Thursday, January 20, 2011

Eggless Apple Pie - My first!

I just can't wait to show you my first Apple Pie! Well, my first pie ever to be precise! I had bought a pie tin and tartlet molds years ago without even the faintest idea as to what I would do with them. But of course never got to baking a pie for some reason I don't really know. Until I started to look for new things I can try. A pie seemed a good idea, specially since I had some Granny Smith apples in my fridge. I am the fruit eater in the family and have to generally push hubby and kids to eat fruit. But when I save fruit for a specific purpose, I have a tough time keeping them from eating it:). And my kids complain that 'I don't let them eat even something like a healthy fruit'! This in the context that my kids keep raiding the fridge for chocolates, butter or cheese slices which I painstakingly hide from their prying eyes. They do get away with eating some of these things, with and without my knowledge...sometimes with a chastising mini lecture and sometimes to allow some small kiddie indulgences..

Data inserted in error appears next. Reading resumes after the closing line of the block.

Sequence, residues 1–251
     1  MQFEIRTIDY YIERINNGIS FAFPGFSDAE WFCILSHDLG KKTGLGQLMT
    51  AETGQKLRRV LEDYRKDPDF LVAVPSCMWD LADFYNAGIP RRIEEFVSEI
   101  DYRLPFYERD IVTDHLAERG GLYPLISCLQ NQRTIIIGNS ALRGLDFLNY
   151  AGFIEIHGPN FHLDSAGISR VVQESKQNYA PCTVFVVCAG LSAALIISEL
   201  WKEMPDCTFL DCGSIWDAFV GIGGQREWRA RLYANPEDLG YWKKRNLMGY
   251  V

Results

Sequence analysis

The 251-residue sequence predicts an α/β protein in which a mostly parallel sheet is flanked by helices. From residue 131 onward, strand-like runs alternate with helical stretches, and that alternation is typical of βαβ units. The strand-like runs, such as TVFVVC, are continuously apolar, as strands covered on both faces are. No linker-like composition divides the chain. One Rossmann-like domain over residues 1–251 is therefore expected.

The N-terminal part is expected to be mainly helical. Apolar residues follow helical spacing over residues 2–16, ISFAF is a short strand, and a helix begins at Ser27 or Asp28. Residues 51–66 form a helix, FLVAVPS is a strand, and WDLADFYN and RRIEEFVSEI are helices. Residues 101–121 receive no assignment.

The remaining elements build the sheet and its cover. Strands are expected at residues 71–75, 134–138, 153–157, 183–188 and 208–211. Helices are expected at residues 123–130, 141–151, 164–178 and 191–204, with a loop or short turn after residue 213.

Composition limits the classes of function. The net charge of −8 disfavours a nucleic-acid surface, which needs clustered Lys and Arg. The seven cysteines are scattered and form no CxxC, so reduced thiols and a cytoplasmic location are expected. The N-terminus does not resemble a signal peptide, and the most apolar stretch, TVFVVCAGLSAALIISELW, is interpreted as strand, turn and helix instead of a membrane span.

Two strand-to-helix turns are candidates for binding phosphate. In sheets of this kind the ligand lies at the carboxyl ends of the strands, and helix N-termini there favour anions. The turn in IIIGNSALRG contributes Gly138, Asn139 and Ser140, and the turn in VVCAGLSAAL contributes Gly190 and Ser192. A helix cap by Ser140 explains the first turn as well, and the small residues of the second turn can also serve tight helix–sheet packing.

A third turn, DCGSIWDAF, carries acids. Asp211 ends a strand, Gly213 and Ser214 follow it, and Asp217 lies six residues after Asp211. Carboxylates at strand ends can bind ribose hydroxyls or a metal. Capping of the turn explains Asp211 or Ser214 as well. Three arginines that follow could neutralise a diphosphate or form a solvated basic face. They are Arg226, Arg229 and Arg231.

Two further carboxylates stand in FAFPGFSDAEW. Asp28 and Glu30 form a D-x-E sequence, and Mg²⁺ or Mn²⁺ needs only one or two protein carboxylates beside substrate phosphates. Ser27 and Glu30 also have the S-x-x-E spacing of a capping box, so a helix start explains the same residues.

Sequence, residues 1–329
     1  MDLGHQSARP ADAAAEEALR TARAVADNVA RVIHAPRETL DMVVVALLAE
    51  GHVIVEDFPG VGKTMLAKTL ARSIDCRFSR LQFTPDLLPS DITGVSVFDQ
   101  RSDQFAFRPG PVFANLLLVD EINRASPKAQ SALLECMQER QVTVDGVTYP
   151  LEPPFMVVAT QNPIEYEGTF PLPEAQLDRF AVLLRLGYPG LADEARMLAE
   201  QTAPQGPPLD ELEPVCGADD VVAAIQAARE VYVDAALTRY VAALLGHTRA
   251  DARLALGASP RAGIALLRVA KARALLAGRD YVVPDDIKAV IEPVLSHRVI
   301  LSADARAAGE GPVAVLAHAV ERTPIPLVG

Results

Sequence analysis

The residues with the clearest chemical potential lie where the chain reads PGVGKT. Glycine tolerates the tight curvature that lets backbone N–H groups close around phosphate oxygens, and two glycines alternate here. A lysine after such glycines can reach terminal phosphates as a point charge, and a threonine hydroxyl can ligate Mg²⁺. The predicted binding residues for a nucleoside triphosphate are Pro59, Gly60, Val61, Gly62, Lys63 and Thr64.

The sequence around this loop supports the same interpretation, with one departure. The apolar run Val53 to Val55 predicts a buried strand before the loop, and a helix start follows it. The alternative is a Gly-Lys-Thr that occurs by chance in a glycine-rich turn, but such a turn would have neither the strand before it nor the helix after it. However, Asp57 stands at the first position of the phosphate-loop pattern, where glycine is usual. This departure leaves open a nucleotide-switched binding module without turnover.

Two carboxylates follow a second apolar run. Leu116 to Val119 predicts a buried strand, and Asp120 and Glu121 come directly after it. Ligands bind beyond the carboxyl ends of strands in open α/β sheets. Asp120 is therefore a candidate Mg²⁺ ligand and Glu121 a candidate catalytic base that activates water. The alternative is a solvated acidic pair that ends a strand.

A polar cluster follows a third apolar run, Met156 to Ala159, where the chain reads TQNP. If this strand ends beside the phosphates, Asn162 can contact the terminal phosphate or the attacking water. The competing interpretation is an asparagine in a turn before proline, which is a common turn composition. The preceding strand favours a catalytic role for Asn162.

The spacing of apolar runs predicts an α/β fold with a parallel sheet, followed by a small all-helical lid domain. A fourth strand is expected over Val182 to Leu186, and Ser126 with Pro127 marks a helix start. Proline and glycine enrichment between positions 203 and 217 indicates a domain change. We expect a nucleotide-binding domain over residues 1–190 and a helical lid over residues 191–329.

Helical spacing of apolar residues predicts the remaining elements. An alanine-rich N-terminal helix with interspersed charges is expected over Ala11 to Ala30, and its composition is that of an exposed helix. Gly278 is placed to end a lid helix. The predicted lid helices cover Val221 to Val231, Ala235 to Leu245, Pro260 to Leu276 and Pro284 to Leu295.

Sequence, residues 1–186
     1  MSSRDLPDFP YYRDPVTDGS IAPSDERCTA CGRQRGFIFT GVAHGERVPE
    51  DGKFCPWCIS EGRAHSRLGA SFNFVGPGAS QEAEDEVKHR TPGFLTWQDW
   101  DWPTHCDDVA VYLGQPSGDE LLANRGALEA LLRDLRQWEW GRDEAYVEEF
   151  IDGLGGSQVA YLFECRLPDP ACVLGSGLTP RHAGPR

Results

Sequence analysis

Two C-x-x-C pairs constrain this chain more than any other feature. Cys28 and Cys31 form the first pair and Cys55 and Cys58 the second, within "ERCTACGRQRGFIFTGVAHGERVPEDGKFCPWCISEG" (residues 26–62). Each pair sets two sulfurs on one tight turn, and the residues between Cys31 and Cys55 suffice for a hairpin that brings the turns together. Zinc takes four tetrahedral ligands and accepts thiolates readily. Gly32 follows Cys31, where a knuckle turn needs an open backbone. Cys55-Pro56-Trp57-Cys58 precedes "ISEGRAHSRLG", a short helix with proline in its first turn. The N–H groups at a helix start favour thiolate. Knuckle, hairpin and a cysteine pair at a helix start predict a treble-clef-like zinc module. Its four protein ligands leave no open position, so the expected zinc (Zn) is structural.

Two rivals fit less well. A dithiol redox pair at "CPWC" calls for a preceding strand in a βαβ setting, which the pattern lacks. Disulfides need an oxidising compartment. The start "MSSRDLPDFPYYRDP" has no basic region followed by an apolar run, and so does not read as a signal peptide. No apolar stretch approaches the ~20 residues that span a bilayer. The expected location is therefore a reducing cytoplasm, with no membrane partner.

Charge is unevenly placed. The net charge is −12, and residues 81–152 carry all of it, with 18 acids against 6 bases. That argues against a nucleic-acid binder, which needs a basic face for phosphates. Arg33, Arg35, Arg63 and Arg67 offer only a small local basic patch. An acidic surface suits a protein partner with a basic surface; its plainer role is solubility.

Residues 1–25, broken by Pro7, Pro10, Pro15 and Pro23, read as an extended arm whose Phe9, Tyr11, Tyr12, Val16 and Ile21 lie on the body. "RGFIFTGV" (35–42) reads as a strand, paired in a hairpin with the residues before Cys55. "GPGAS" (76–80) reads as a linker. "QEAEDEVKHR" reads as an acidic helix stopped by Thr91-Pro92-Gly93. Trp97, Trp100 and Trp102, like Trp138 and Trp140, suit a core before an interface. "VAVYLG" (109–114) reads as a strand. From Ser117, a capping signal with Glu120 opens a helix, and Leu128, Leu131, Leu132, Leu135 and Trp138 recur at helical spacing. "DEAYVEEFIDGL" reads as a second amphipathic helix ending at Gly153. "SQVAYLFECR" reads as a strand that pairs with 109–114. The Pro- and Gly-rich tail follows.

The only time I ever tasted an apple pie was at a well known restaurant here and I must say, it did not really leave me wanting to go back there for more. And to think we ate the pie on the recommendation of the staff there!! And of course it also put me off the idea of me wanting to bake one at home. The home-made pie however, made a nice change from the regular tea-time treat, the buttery and crumbly-crisp shell a perfect contrast in texture to the slightly tart, soft, cinnamon flavored apple filling. An enjoyable treat if you love the cinnamon-apple combo...

I admit, I was not very sure of posting this one here, as I thought the pie does not look good enough. And the other reason - don't look at me like that, but I am not really head-over-heels in love with cinnamon in my desserts.  But then, everything does not need to be picture perfect, I am experimenting with things. I may love some results and when I do, I go ga-ga over it. And if I don't love the result I will surely mention that here too! Rest assured, I may post an odd recipe which may not be to my taste, but not recipes which can't be tried successfully.